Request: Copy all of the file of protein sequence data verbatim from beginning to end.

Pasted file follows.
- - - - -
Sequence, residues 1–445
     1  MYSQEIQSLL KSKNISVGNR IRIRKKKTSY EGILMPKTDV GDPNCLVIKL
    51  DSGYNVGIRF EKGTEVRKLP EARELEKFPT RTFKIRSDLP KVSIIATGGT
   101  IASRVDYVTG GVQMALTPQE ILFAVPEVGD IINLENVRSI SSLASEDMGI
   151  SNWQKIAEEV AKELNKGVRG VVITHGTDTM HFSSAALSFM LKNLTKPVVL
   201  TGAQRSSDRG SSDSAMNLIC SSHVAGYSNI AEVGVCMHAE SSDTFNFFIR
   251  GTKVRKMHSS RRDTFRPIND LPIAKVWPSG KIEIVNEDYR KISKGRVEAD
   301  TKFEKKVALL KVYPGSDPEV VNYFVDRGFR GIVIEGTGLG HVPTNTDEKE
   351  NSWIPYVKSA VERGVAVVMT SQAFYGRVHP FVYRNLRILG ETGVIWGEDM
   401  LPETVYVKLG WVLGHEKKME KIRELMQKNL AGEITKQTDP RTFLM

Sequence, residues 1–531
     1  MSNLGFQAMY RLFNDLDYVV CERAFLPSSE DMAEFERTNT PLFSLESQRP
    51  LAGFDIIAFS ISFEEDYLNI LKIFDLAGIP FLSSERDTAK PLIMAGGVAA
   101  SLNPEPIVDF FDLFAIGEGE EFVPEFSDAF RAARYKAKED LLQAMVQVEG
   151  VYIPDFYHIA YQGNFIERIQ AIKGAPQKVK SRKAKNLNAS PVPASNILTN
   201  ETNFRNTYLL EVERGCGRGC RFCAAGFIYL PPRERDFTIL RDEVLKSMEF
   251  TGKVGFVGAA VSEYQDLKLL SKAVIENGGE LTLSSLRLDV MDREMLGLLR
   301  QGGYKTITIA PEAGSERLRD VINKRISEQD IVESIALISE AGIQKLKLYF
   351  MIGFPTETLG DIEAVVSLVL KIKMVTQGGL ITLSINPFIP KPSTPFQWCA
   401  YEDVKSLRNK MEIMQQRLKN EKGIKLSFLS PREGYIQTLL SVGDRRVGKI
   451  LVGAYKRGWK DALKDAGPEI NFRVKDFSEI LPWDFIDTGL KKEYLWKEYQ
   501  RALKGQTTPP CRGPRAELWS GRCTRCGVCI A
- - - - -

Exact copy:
Sequence, residues 1–445
     1  MYSQEIQSLL KSKNISVGNR IRIRKKKTSY EGILMPKTDV GDPNCLVIKL
    51  DSGYNVGIRF EKGTEVRKLP EARELEKFPT RTFKIRSDLP KVSIIATGGT
   101  IASRVDYVTG GVQMALTPQE ILFAVPEVGD IINLENVRSI SSLASEDMGI
   151  SNWQKIAEEV AKELNKGVRG VVITHGTDTM HFSSAALSFM LKNLTKPVVL
   201  TGAQRSSDRG SSDSAMNLIC SSHVAGYSNI AEVGVCMHAE SSDTFNFFIR
   251  GTKVRKMHSS RRDTFRPIND LPIAKVWPSG KIEIVNEDYR KISKGRVEAD
   301  TKFEKKVALL KVYPGSDPEV VNYFVDRGFR GIVIEGTGLG HVPTNTDEKE
   351  NSWIPYVKSA VERGVAVVMT SQAFYGRVHP FVYRNLRILG ETGVIWGEDM
   401  LPETVYVKLG WVLGHEKKME KIRELMQKNL AGEITKQTDP RTFLM

Sequence, residues 1–531
     1  MSNLGFQAMY RLFNDLDYVV CERAFLPSSE DMAEFERTNT PLFSLESQRP
    51  LAGFDIIAFS ISFEEDYLNI LKIFDLAGIP FLSSERDTAK PLIMAGGVAA
   101  SLNPEPIVDF FDLFAIGEGE EFVPEFSDAF RAARYKAKED LLQAMVQVEG
   151  VYIPDFYHIA YQGNFIERIQ AIKGAPQKVK SRKAKNLNAS PVPASNILTN
   201  ETNFRNTYLL EVERGCGRGC RFCAAGFIYL PPRERDFTIL RDEVLKSMEF
   251  TGKVGFVGAA VSEYQDLKLL SKAVIENGGE LTLSSLRLDV MDREMLGLLR
   301  QGGYKTITIA PEAGSERLRD VINKRISEQD IVESIALISE AGIQKLKLYF
   351  MIGFPTETLG DIEAVVSLVL KIKMVTQGGL ITLSINPFIP KPSTPFQWCA
   401  YEDVKSLRNK MEIMQQRLKN EKGIKLSFLS PREGYIQTLL SVGDRRVGKI
   451  LVGAYKRGWK DALKDAGPEI NFRVKDFSEI LPWDFIDTGL KKEYLWKEYQ
   501  RALKGQTTPP CRGPRAELWS GRCTRCGVCI A